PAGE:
My chickens have found new ways to complain about me

At night, chickens have an internal desperation to roost off the ground.  If they can’t find an accommodating roost, they’ll look for one anywhere, including the central branch of a young apple tree which cannot support their weight.   

Because the original roost in my chicken tractor accommodates only about five chickens, I put an additional roost in the chicken tractor when the chickens began roosting in and soiling the nesting boxes.  I do not overbuild things the way my husband does, and the extra roost I built a year or two ago fell over.  I tried to repair it, but one night, recently, as I put them to bed, it was very wobbly, and the roosting chickens made it more unstable.  As I walked away from the chickens after closing their door, I heard an indignant squawking and thrashing of wings, and giggled to myself as I envisioned the roost tipping over while sleepy chickens rode it to the ground.  In the morning, I saw its dilapidated state, and resolved to enlist the help of my father in rebuilding it when my parents visited.

We laid the chicken tractor, which is a bottomless movable pen that I drag to different spots in the yard so the chickens can have fresh ground to explore, on its side.  Chickens are inquisitive creatures, and when we tipped over the house all eight of them began discussing the situation with much chicken dismay.  They circled the house, stepped inside, and pecked at the soles of my father’s shoes as he knelt on the ground to inspect the fallen perch.  They talked about this interruption in their lives with their many chicken voices, clucking, and saying “Hhuummmmm!” and hopped about the area.  Eventually, most of them went off to chase bugs or have a drink of water, but Mr. Cuteypants, my surviving guinea, kept up a constant exclamation of “Pot rack!” “Pot rack!”
My chickens in the garden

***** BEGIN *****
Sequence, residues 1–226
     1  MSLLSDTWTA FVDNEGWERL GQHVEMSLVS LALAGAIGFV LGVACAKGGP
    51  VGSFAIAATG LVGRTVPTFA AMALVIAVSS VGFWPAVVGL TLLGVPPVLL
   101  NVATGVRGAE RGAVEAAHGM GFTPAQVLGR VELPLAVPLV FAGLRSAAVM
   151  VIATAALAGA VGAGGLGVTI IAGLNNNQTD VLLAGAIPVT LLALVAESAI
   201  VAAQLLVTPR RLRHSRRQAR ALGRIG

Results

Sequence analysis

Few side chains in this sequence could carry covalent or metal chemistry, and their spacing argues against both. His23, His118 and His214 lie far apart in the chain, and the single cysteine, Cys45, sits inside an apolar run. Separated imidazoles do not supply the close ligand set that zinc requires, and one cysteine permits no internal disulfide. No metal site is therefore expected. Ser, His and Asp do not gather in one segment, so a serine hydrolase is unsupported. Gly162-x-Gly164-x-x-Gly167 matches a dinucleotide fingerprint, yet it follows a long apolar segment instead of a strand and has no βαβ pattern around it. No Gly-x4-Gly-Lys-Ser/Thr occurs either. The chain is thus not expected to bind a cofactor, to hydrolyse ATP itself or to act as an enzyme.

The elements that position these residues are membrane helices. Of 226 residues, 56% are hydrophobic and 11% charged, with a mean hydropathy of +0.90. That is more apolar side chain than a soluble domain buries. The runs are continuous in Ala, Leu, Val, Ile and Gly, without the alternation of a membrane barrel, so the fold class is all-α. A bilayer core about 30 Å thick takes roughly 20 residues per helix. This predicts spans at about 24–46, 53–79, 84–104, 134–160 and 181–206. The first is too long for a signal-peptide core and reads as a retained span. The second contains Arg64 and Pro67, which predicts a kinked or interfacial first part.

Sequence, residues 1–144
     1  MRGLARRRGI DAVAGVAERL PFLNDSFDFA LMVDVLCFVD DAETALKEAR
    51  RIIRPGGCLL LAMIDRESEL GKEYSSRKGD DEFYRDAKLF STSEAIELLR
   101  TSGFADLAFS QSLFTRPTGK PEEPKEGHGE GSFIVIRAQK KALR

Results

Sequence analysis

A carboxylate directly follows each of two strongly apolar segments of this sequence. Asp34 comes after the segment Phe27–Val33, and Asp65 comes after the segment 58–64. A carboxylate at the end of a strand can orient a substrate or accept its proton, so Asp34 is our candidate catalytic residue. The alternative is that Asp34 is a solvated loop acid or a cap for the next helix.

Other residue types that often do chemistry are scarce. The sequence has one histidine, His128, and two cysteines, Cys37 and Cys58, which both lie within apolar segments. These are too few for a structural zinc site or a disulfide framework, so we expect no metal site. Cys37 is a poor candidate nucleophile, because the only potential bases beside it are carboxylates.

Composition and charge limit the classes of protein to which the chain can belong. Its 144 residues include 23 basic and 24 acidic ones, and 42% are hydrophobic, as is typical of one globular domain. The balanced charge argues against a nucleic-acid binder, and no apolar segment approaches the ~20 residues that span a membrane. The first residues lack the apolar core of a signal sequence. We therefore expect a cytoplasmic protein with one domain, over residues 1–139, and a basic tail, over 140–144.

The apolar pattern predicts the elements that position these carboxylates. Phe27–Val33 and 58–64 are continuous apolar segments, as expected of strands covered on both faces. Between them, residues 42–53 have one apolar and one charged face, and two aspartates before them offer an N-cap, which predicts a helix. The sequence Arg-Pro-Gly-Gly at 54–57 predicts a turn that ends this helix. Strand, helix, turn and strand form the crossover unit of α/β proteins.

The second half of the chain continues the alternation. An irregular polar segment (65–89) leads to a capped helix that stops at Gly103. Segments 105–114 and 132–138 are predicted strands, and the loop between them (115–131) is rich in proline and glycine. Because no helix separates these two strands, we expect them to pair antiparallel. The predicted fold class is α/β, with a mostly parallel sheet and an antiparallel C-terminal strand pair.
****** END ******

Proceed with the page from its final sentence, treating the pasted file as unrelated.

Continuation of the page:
Construction projects always take longer than expected, and by the time we recharged the cordless drill, ate lunch, and found all the necessary screws and boards, the chickens’ house had been in disarray for a few hours, and it was time for them to lay eggs.  After a lull of six weeks or so during the early winter when I had to purchase both eggs and chicken feed, my birds have begun laying eggs.  Egg laying is a complex physical and psychological process, and chickens develop preferences about proper egg laying.  They prefer to lay eggs in a dark, quiet, familiar place that is far away from people, other chickens, and electric drills.
We removed the nesting boxes and set them on the ground when we tipped over the chicken tractor, but they wanted to lay their eggs inside the chicken tractor, in the normal nest spot.  When we came back from lunch, five chickens were huddled in the back corner of the overturned structure on some hay that fell out of the nesting boxes. 

As we worked on the roosts, the chickens complained about our presence and scolded us.  We had to shoo them out of the way to repair the roost, but they kept returning.  Finally, one chicken, huddled down under three others, laid an egg.  I anticipated the event, and saw the egg just as it emerged from the chicken and lay glistening wet on the straw.  She ran to the water bucket for a drink, and for a snack of some chicken feed. 

One chicken remained, and demanded that we leave.  Her squawking became so loudly insistent, and she was so close to me, that I saw the roof of her mouth; I’ve never had a chicken open her mouth so widely in such an angle that I could see the roof of her mouth.  I knelt beside the chicken tractor, using the cordless drill to insert screws into the wood to hold on the new perch, and my father held the wood in place.  The aggravated chicken became silent for a moment, and then I felt chicken feet on my back.  The distressed bird had jumped onto my back, either for better access to the upward-facing side of the chicken tractor or in agitation, and I stopped my work until my father could remove her. 

We quickly finished the job, righted the chicken tractor, and put the nesting box back inside.  All the chickens, led by the most agitated bird, dashed inside, with a chorus of “HHhhuuumms!” to investigate.  They tried out the nesting boxes, and argued over who was able to use the boxes first.  We left them alone, and that night I found one egg in the nesting box, and chickens snugly perched on the roosts. 
Chickens with the chicken tractor when it was much newer and not dilapidated!

If you are considering starting a flock of chickens, they will be soon or already are available in feed stores.  Get at least four birds.  Chickens need companionship and someone with which to discuss the daily events in their lives, and four will give you extra chickens in case some die.